Tope are typically a summer species and tend to turn up from May and can be realistically targeted until October or November at most locations.

What gear do I need?

Tope are a powerful muscular fish and require a fairly pokey rod to keep an upper hand on them. I favour a 12-20 lb class boat rod, however you can use a 6-12 lb class rod if you want to put your gear to the limit and get maximum sport. A 6500-sized multiplier reel or 4,000 or 5,000 sized fixed spool loaded with 30 or 40 lb braid will happily cope with these fish.

I use 10ft of 40 lb monofilament leader attached to the braid with a modified Albright knot. The rig is essentially a running ledger that is beefed up. Use the weight on a zip slider with a bead to buffer this against a barrel swivel. The trace is then comprised of two components – a rubbing trace and a bite trace.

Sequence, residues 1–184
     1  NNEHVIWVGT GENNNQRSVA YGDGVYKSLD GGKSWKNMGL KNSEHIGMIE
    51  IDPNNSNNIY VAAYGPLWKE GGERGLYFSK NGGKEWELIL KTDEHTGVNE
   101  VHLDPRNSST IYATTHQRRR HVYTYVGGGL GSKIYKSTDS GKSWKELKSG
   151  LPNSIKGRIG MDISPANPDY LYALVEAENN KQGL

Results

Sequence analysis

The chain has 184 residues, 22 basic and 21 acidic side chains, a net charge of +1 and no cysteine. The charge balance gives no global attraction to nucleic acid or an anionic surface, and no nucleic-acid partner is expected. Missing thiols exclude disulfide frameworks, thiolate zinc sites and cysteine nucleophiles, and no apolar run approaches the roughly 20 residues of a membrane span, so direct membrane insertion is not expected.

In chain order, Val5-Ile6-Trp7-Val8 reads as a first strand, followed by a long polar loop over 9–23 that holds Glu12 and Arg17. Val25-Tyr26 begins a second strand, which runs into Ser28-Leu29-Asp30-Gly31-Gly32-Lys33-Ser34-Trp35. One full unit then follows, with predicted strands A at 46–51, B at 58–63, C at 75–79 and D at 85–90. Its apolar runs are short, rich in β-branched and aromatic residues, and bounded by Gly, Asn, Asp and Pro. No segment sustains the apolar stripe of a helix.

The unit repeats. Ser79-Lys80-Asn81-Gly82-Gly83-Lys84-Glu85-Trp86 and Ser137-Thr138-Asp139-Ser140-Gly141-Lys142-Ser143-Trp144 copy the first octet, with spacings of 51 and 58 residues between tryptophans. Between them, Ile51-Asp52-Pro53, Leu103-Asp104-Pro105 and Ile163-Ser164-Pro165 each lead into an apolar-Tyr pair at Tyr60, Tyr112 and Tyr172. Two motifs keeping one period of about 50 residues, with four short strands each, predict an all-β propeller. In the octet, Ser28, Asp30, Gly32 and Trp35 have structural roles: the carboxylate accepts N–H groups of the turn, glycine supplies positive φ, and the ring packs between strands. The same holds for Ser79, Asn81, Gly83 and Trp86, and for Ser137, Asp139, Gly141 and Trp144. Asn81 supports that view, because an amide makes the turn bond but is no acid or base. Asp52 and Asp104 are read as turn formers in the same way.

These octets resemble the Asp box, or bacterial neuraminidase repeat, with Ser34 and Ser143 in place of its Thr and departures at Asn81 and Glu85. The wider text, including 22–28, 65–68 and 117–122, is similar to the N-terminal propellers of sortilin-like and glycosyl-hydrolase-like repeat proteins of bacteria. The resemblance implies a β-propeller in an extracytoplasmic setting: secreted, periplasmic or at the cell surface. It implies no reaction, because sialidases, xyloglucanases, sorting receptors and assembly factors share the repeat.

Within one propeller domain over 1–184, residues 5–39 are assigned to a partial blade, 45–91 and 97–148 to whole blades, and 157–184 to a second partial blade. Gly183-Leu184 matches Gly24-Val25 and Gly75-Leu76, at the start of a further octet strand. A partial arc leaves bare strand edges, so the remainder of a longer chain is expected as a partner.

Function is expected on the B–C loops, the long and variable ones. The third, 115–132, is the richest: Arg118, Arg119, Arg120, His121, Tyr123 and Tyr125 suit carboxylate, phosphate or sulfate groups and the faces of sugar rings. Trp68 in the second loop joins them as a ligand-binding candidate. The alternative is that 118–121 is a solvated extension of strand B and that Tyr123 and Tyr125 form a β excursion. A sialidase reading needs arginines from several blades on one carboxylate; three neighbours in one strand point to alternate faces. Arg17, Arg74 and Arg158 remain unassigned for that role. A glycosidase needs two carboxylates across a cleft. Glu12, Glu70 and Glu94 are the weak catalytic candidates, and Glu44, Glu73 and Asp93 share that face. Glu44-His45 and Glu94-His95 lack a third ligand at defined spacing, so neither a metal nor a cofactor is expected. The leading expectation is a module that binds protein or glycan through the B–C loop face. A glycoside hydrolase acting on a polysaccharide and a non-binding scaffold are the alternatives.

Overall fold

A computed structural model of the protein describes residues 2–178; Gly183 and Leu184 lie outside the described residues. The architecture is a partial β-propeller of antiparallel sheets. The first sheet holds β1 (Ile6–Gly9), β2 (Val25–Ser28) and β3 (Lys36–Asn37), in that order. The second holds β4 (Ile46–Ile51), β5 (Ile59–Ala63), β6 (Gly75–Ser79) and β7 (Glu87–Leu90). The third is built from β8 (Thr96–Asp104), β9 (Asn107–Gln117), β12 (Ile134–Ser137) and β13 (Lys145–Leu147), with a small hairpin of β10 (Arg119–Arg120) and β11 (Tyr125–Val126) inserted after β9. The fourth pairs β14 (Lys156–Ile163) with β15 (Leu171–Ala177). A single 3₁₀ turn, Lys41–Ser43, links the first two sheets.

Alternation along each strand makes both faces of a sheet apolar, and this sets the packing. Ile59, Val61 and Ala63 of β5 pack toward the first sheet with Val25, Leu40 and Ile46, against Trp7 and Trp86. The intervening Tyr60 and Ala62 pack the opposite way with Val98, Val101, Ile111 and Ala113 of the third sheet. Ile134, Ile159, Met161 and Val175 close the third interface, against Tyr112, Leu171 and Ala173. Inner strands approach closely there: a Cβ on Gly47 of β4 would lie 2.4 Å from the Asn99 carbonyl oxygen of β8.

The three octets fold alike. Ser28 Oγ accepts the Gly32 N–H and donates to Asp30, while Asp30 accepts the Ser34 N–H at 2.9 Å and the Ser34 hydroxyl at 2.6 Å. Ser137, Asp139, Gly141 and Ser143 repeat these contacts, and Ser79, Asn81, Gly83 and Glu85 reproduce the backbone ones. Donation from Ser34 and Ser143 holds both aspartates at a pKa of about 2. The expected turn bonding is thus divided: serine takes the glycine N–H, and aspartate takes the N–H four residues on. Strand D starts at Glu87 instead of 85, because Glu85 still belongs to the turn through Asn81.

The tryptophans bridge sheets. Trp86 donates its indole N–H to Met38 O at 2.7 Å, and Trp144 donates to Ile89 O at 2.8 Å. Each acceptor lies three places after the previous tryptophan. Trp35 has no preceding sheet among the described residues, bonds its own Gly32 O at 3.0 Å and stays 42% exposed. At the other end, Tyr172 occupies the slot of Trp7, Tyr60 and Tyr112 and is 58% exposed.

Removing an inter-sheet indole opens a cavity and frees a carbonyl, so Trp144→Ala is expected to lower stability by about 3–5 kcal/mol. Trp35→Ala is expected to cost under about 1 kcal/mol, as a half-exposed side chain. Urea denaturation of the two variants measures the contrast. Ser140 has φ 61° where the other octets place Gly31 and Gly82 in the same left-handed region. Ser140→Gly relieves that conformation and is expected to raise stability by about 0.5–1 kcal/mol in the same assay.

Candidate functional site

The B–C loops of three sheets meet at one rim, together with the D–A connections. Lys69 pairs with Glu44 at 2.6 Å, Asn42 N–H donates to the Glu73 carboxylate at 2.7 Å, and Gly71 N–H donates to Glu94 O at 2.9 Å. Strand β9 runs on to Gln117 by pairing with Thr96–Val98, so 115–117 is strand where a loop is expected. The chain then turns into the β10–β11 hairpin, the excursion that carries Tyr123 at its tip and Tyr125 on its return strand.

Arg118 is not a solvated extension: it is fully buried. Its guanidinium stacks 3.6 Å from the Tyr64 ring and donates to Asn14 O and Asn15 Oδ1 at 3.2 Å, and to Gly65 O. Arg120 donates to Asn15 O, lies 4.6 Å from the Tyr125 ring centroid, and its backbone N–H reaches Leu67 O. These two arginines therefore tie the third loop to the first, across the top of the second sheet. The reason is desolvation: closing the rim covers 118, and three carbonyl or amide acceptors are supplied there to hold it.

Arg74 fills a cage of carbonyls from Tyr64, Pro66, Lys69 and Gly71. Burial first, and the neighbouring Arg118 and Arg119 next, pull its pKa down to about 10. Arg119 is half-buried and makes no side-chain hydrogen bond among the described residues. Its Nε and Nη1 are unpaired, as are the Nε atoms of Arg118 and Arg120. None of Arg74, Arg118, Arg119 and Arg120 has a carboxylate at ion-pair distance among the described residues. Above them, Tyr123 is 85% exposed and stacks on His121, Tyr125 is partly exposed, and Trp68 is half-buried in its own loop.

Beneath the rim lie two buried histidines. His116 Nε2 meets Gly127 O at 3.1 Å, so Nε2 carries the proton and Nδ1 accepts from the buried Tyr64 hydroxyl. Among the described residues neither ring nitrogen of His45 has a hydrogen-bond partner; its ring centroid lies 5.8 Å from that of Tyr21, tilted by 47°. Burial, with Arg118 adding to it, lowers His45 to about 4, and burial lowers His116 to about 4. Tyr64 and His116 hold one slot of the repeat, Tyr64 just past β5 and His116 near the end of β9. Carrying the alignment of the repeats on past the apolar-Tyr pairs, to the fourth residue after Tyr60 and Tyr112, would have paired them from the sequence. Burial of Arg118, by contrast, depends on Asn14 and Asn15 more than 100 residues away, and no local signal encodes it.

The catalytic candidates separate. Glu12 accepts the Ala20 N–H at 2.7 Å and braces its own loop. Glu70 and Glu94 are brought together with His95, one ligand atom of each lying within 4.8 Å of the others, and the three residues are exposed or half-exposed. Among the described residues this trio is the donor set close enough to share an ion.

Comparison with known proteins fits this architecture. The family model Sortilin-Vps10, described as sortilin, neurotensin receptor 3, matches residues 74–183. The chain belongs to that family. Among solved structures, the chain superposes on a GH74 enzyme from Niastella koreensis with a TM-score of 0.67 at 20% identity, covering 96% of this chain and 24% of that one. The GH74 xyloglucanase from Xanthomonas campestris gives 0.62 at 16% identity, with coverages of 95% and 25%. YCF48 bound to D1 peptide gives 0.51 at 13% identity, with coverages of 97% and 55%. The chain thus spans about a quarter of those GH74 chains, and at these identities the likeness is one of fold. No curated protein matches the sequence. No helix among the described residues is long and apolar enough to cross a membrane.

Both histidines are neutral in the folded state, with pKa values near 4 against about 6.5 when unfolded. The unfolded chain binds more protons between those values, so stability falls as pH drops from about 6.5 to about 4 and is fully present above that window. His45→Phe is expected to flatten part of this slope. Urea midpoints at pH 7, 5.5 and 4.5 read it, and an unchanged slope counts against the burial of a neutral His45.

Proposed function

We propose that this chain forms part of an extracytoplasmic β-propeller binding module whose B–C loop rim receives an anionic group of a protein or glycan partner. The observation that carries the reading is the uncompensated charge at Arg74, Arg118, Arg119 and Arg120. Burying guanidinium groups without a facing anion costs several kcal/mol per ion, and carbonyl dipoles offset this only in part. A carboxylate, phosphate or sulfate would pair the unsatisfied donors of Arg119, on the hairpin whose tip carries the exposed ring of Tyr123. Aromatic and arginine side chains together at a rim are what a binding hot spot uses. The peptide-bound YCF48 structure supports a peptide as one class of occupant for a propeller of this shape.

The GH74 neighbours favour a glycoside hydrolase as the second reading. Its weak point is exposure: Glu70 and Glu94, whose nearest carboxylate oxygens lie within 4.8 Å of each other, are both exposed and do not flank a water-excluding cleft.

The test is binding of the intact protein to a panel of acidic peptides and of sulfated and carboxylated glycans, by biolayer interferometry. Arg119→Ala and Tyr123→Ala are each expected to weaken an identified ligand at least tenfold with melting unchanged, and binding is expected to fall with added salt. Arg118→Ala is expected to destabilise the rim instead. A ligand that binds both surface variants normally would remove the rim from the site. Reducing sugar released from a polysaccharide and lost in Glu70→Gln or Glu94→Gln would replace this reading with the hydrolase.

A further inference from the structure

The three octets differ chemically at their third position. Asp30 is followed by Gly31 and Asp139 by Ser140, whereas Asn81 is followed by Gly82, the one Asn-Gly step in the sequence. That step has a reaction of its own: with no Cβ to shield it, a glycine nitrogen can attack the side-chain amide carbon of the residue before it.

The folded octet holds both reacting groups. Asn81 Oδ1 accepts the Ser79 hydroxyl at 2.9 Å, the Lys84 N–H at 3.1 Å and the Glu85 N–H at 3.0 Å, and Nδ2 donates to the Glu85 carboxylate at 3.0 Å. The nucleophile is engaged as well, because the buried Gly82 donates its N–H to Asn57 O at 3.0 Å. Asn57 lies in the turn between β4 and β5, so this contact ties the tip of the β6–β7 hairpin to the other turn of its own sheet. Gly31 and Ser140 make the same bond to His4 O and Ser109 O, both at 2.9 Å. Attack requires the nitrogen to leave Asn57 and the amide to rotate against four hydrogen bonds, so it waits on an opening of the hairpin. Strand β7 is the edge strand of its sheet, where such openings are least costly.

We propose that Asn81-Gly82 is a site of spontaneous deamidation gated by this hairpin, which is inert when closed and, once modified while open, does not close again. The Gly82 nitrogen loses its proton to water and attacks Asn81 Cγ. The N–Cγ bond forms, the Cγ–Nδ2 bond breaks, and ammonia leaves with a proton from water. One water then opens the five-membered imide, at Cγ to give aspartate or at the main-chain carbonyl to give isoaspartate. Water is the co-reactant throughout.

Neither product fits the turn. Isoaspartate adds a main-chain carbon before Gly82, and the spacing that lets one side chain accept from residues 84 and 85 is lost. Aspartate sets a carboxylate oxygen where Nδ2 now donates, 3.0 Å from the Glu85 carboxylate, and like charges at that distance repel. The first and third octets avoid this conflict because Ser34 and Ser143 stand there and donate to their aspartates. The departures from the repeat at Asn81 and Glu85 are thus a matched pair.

The rubbing trace consists of around 6 ft of 80 lb fluorocarbon or mono. This will resist abrasion against the rough skin of a tope, which will quickly wear through finer lines, especially if the fish wraps up/rolls up the traces as it twists and turns during the fight.

The bite trace consists of a swivel with 18-24 inches of 100 lb multi-strand wire leading to an 11/0 (or similar size) circle hook. The wire is attached to the swivel and hook via a Flemish loop that is double crimped and then covered in heat-shrink tubing to cover any sharp metal edges. Once assembled this ties onto the end of the rubbing trace. You don’t have to double crimp, or use a Flemish loop in the wire … but I like my rigs to be bombproof and I’ve never had a trace fail me. Some people prefer to use a 6 ft length of 150-200 lb mono for the trace but I have had fish bite through 150 lb mono and will no longer risk it, so a short length of wire is all I use.